Scituate: Wind turbine neighbors try to educate the community

Neighbors of the Scituate wind turbine presented an informational session to the larger community Saturday afternoon in the Scituate Country Club.

Acoustician Richard James spoke to the group via Skype from his office in Michigan. He compared the effects of the Scituate turbine to those of a similar one he studied in Wisconsin. He studied not only the audible sound, but the infrasound that affects the inner ear. He said those inaudible sounds cause disorientation and sleep deprivation. He said the long sound waves hit a house “as though it was a tsunami.”

The presenters projected a video of shadow flicker in and around the McKeever home, the home closest to the turbine. Audience members asked them to shut it off. Mark  McKeever said the video only represents the experience. He said anyone directly experiencing the strobe effect of the turbine blades turning through the sunlight do not want to live there.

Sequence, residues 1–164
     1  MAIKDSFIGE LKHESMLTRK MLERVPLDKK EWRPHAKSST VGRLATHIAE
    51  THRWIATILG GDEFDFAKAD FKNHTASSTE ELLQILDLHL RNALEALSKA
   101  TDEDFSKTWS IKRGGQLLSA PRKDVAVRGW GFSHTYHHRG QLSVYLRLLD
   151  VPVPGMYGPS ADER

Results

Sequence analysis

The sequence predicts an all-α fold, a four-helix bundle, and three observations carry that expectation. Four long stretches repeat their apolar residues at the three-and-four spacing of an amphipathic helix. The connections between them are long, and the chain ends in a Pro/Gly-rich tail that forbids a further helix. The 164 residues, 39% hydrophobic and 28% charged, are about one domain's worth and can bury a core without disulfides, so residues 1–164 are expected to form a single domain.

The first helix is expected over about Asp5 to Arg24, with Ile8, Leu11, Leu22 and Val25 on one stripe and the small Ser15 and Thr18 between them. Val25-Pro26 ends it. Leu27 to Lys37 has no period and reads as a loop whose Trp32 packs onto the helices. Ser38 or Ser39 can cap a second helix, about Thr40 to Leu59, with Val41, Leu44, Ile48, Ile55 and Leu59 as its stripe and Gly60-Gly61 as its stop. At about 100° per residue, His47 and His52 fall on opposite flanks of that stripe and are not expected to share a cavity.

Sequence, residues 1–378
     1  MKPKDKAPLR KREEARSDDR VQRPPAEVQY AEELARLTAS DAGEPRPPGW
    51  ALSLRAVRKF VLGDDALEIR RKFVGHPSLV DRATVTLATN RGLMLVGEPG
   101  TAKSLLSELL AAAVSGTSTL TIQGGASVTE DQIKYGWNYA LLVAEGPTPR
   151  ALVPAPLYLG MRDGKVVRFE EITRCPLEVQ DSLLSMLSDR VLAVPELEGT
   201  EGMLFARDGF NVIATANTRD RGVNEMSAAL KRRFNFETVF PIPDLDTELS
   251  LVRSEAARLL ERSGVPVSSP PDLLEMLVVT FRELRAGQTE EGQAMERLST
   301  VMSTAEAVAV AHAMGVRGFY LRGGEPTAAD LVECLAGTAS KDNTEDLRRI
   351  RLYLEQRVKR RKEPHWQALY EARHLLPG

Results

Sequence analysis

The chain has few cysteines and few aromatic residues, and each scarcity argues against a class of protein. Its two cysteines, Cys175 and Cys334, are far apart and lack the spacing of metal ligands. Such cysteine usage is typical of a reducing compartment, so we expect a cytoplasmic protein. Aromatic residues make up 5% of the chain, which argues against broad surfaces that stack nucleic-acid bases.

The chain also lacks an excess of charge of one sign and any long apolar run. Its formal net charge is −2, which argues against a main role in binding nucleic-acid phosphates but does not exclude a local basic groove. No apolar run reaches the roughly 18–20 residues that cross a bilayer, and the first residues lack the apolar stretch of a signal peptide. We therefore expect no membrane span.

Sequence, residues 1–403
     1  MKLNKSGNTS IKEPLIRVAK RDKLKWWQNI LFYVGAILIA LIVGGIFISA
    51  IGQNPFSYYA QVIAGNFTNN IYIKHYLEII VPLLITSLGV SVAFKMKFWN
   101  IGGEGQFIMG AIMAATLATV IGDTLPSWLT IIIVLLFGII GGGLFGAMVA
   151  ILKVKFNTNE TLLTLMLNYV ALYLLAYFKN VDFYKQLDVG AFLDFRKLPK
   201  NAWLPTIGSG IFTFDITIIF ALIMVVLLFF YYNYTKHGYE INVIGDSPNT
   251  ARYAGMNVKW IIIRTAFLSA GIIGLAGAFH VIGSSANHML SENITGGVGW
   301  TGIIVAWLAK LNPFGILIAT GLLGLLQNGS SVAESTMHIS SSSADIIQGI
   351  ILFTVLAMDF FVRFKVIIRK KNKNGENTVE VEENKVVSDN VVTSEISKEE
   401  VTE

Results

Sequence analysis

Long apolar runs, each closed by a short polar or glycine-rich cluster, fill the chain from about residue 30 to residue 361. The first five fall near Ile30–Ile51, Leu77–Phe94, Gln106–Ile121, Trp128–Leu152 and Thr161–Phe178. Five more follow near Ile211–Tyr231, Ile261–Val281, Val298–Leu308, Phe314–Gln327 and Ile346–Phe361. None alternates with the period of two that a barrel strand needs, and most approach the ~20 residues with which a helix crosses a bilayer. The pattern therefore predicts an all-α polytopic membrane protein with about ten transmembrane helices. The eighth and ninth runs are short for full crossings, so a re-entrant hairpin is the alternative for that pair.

Sleep disorder specialist Jeffrey Silva enumerated the ill-effects of sleep deprivation then concluded intelligent people would encourage alternate energy sources, but should take care in siting large wind turbines.

The community group had previously asked the town for a health survey, a shadow flicker study and a study of non-audible sound effects. The Scituate Board of Health has asked for bids from acoustical study companies to conduct an audible sound study only.

The neighbors have petitioned an article on the warrant of Scituate’s April 9th Town Meeting to begin the process of shutting the turbine down.

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About Charles Mathewson

Charles Mathewson worked in print journalism for more than two decades as a reporter and editor, and has won several regional and national awards. He resides in Plymouth where he writes fiction and paints, when not producing award-winning news as a reporter for WATD.